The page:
Over the course of the last couple of years, I have seen several productions of Shakespeare: 1 in the Globe, 3 in the Swan, 1 in the National, 1 in Trafalgar Studios, 1 in Riverside Studios, 1 in the Minack and 1 on film. Out of these 9 productions, 7 were modernisations and I can say with confidence that I enjoyed the other 2 most out of the lot. This is not a case of better plays happening to be the ones done in Jacobethan costume: Richard III and A Midsummer Night’s Dream are hardly considered Shakespeare’s prime masterworks. Location doesn’t seem to be the key element either: Hamlet and Antony & Cleopatra at the Swan (the same location and theatre company as Richard III), Macbeth at Trafalgar and Troilus & Cressida at Riverside were all dreadful.
It seems to me that modernisation is one of the key factors here. Rory Kinnear’s portrayal of Iago (at the National), James McAvoy’s Macbeth (at Trafalgar) and David Tennant’s Hamlet (on film) were exquisite. What marred their exceptional performances was Kinnear having to type away at a laptop while protesting to Othello that he wasn’t keeping anything from him, McAvoy conversing with witches in gasmasks in a post-apocalyptic Scotland, and Tennant wrenching a security camera off the wall before declaring ‘Now I’m alone’ with a great emphasis on the first word that doesn’t come across at all in the script (and indeed Ophelia reassuring her brother of the safety of her relationship with Hamlet by showing him the condoms she was keeping in her suitcase). What didn’t do any harm at all to the Swan Theatre’s Richard III was the fantastically choreographed battle scene at the end, full of the deafening clash of swords rather than the chatter of AK-47s.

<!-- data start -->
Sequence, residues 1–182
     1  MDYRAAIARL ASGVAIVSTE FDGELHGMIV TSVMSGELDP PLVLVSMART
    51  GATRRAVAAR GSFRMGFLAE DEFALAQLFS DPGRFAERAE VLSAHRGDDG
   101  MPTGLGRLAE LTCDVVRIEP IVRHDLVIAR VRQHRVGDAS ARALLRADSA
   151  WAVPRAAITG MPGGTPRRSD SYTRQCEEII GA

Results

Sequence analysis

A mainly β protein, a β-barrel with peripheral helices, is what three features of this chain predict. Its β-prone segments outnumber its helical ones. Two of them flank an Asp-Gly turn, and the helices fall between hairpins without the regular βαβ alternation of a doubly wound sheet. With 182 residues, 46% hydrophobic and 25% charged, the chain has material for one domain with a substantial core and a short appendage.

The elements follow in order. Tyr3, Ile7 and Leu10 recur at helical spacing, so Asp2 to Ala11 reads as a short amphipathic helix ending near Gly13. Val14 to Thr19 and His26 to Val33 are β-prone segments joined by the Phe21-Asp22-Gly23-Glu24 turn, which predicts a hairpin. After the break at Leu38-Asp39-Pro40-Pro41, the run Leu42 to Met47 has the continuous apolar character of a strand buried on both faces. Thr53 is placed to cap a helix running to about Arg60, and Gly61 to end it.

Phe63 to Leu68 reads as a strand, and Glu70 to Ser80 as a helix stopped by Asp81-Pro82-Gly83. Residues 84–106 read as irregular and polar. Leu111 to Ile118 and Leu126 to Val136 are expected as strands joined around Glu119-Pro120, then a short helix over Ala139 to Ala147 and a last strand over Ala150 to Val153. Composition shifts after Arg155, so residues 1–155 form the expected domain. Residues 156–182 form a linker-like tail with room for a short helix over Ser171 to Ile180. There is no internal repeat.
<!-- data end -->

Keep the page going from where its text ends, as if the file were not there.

However hard these directors try to tie up all the loose ends that inevitably result from trying to modernise such period pieces as Shakespeare’s plays (paradoxically despite almost all being set in times and places besides Jacobethan England) undoubtedly are, they invariably fail. In an interview about the National Theatre’s 2013 production of Othello, the director, Sir Nicholas Hytner, admitted that according to their military advisor (for modernisation to 21st century warfare in the Middle East), the idea of Desdemona accompanying her husband to a campaign was simply impossible, rather than merely frowned upon as an Jacobean production would have conveyed. The BBC’s Hamlet makes quite a point of highlighting the supernatural state of the ghost of Hamlet Senior by showing that no image of him appears on the CCTV cameras, but far from recreating the shock factor of Dracula not appearing in mirrors (as it seems to me was intended by the director) this cunning detail only served to highlight the ludicrousness of a clearly 21st century cast of characters being so quick to accept the existence of ghosts (along with many popular Jacobean ideas about ghostly ways, such as the ghost’s inability to speak until spoken to). Like them or loathe them, modern vampire and ghost movies by contrast usually take at least half an hour for the common mortal protagonist to process the existence of such entities, a far more plausible reaction.